Vasilisa the Beautiful
Aleksandr Rou made a film entitled Vasilisa the Beautiful in 1939, however, it was based on a different tale - The Frog Tsarevna; it was the first large-budget feature in the Soviet Union to use fantasy elements, as opposed to the realistic style long favored politically. American author Elizabeth Winthrop wrote a children's book - Vasilissa the Beautiful: a Russian Folktale (HaperCollins, 1991), illustrated by Alexander Koshkin. There is also a Soviet cartoon - Vasilisa the Beautiful, but it is also based on the Frog Tsarevna tale.
A merchant had, by his first wife, a single daughter, who was known as Vasilisa ("Βασίλισσα", meaning Queen in Greek) the Beautiful. When she was eight years old, her mother died. On her deathbed, she gave Vasilisa a tiny wooden doll with instructions to give it a little to eat and a little to drink if she were in need, and then it would help her. As soon as her mother died, Vasilisa gave it a little to drink and a little to eat, and it comforted her.
After a time, her father remarried to a woman with two daughters. Her stepmother was very cruel to her, but with the help of the doll, Vasilisa was able to perform all the tasks imposed on her. When young men came wooing, the stepmother rejected them all because it was not proper for the younger to marry before the older, and none of the suitors wished to marry Vasilisa's stepsisters.
One day the merchant had to embark on a journey. His wife sold the house and moved them all to a gloomy hut by the forest. One day she gave each of the girls a task and put out all the fires except a single candle. Her older daughter then put out the candle, whereupon they sent Vasilisa to fetch light from Baba Yaga's hut. The doll advised her to go, and she went. While she was walking, a mysterious man rode by her in the hours before dawn, dressed in white, riding a white horse whose equipment was all white; then a similar rider in red. She came to a house that stood on chicken legs and was walled by a fence made of human bones. A black rider, like the white and red riders, rode past her, and night fell, whereupon the eye sockets of the skulls became luminous. Vasilisa was too frightened to run away, and so Baba Yaga found her when she arrived in her mortar.
Baba Yaga said that she must perform tasks to earn the fire, or be killed. For the first task, Vasilisa was to clean the house and yard, cook supper, and pick out black grains and wild peas from a quarter measure of wheat. Baba Yaga left, and Vasilisa cooked, while the doll did everything else. At dawn, the white rider passed; at or before noon, the red. As the black rider rode past, Baba Yaga returned and could complain of nothing. She bade three pairs of disembodied hands seize the grain to grind it, and set Vasilisa the same tasks for the next day, with the addition of cleaning poppy seeds that had been mixed with dirt. Again, the doll did everything but cook the meal. Baba Yaga set the three pairs of hands to press the oil from the poppy seeds.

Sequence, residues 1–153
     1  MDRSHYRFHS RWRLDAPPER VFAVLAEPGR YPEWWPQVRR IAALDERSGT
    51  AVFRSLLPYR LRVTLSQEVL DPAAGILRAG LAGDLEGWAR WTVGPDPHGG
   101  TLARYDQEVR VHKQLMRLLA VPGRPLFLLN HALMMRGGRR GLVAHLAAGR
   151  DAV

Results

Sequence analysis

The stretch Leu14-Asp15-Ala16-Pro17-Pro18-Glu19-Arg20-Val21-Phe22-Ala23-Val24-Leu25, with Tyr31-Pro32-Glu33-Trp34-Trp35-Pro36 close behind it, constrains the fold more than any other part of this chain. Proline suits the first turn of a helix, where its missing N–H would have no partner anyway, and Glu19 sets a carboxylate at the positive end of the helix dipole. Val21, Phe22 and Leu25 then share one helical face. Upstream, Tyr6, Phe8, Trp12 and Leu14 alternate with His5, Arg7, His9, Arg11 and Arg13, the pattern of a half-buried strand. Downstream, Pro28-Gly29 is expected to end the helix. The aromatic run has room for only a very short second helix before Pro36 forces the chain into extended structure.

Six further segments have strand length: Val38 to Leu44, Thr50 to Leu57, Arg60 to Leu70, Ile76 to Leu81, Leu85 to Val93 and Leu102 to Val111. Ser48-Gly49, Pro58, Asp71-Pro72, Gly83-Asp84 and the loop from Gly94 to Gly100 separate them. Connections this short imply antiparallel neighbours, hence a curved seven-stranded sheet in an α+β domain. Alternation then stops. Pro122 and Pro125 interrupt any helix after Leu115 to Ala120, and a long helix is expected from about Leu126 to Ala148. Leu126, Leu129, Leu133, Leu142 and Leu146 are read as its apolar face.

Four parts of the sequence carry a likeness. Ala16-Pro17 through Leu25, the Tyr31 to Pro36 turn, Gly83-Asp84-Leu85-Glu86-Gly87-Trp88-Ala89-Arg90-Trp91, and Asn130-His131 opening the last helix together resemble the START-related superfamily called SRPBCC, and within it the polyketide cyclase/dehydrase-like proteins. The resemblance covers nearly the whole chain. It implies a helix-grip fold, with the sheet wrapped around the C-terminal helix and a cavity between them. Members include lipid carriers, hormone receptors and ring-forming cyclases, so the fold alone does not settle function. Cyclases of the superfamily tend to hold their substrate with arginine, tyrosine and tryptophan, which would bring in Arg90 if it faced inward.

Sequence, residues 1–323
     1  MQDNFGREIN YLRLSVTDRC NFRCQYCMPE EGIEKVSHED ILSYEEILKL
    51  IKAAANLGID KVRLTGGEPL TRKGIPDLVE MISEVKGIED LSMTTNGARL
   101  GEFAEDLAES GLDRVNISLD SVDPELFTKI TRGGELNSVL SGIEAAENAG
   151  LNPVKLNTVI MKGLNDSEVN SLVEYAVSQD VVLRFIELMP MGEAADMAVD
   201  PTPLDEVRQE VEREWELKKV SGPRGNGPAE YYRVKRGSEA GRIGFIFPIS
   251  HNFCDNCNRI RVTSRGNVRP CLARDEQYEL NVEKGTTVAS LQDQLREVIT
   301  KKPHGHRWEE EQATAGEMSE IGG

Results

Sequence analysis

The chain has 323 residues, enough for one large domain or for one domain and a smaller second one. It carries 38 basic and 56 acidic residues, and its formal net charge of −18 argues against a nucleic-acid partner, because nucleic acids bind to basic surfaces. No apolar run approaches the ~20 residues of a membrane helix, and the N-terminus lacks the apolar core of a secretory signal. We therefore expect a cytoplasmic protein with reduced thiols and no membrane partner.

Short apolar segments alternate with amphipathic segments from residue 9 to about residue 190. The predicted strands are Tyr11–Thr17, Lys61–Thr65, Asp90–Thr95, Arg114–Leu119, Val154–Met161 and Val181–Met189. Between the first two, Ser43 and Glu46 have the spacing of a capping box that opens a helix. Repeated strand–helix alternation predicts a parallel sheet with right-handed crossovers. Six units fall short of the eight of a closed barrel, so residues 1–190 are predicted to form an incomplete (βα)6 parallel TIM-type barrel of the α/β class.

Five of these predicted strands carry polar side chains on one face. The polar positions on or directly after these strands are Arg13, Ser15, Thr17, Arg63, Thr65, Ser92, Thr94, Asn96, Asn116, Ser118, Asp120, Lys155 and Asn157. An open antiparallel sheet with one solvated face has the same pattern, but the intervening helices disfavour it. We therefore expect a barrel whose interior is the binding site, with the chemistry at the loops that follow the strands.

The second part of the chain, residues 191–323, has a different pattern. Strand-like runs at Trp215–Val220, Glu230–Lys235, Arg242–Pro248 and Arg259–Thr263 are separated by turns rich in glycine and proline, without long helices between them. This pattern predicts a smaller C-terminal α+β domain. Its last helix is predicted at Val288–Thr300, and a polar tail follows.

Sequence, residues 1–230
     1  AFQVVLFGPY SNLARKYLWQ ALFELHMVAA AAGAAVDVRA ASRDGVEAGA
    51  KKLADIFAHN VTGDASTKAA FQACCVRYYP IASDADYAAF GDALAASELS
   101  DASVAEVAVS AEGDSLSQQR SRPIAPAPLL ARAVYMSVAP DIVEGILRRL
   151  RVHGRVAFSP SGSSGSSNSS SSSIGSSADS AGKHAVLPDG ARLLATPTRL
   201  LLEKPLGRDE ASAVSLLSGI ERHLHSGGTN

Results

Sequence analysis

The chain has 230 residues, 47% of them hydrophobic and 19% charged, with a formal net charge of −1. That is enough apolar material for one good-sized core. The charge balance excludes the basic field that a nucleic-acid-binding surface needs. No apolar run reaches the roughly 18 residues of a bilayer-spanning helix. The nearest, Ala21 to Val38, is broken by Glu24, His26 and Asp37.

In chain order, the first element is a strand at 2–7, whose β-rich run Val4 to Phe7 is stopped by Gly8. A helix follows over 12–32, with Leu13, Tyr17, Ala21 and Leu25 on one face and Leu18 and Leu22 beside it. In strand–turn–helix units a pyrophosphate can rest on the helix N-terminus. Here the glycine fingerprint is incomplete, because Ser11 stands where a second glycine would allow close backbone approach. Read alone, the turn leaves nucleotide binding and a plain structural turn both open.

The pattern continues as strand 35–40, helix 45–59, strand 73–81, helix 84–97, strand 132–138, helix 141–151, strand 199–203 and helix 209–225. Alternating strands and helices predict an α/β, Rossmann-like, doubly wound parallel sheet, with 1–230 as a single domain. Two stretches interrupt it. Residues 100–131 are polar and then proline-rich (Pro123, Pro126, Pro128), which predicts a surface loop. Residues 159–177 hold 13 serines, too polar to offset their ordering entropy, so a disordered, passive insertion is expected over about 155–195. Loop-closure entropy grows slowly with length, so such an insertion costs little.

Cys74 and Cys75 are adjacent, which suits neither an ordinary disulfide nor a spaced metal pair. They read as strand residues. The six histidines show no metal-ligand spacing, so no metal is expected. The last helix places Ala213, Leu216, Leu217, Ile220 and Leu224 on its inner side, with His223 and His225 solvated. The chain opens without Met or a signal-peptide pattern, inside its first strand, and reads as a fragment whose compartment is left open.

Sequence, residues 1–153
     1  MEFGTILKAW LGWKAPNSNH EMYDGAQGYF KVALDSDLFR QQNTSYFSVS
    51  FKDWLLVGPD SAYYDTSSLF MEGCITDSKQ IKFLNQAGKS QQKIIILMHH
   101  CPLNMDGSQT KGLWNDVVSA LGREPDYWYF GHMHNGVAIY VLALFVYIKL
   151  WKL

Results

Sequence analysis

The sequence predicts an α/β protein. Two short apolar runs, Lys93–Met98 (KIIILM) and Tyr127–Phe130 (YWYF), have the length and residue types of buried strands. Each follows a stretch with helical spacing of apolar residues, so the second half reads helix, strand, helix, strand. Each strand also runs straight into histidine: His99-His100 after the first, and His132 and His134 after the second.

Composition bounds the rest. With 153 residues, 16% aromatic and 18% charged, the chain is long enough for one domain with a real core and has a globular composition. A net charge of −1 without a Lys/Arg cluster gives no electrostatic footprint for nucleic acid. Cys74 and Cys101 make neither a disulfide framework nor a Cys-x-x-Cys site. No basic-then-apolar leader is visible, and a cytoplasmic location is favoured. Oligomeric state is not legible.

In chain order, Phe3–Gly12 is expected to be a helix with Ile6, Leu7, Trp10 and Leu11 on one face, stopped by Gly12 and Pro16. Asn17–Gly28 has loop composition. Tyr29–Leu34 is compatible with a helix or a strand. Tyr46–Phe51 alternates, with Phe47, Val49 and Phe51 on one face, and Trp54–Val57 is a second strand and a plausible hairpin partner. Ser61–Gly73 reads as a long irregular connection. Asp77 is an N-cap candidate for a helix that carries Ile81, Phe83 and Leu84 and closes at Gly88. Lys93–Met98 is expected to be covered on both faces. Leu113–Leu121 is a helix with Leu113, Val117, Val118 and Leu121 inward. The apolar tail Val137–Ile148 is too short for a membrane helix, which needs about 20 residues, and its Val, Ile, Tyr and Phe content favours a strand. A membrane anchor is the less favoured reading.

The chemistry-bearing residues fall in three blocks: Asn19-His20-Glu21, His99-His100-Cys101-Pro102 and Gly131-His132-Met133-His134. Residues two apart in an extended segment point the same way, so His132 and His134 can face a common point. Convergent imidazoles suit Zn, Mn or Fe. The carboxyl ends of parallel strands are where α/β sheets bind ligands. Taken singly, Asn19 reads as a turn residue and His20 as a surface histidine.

Vasilisa asked about the riders' identities and was told that the white one was Day, the red one the Sun, and the black one Night. Other details are not explained, on the grounds that Baba Yaga preferred to keep them secret. In return, Baba Yaga enquired as to the cause of Vasilisa's success. On hearing the answer "by my mother's blessing", Baba Yaga sends Vasilisa home with a skull-lantern to provide light for her step-family, only to find that, since sending her out on her task, no candles or fire will light in their home. Even lamps and candles brought in from outside snuff out the second they are carried over the threshold. The light burns Vasilisa's stepmother and stepsisters to ashes, and Vasilisa buries the skull as per its instructions so no person would ever be harmed by it.
Later, Vasilisa becomes an assistant to a maker of cloth in Russia's capital city, where she becomes so skilled at her work that the czar himself notices her skill; he later marries Vasilisa.
In some versions, the tale ends with the death of the stepmother and stepsisters, and Vasilisa lives peacefully with her father after their removal. This is unusual in a tale with a grown heroine, although some, such as Jack and the Beanstalk, do feature it.
The white, red, and black riders appear in other tales of Baba Yaga and are often interpreted to give her a mythological significance.
In common with many folklorists of his day, Alexander Afanasyev regarded many tales as primitive ways of viewing nature. In such an interpretation, he regarded this fairy tale as depicting the conflict between the sunlight (Vasilisa), the storm (her stepmother), and dark clouds (her stepsisters).
Clarissa Pinkola Estés interprets the story as a tale of female liberation, Vasilisa's journey from subservience to strength and independence. She interprets Baba Yaga as the "wild feminine" principle that Vasilisa has been separated from, which, by obeying and learning how to nurture, she learns and grows from.
|Wikimedia Commons has media related to Vasilisa the Beautiful (Bilibin).|
- Alexander Afanasyev, Narodnye russkie skazki, "Vasilissa the Beautiful"
- James Graham, "Baba Yaga in Film"
- Maria Tatar, Off with Their Heads! p. 199 ISBN 0-691-06943-3
- Maria Tatar, p 334, The Annotated Classic Fairy Tales, ISBN 0-393-05163-3
- Estés, Clarissa Pinkola (1992). Women Who Run with the Wolves. Ballantine Books. ISBN 978-0-345-40987-4.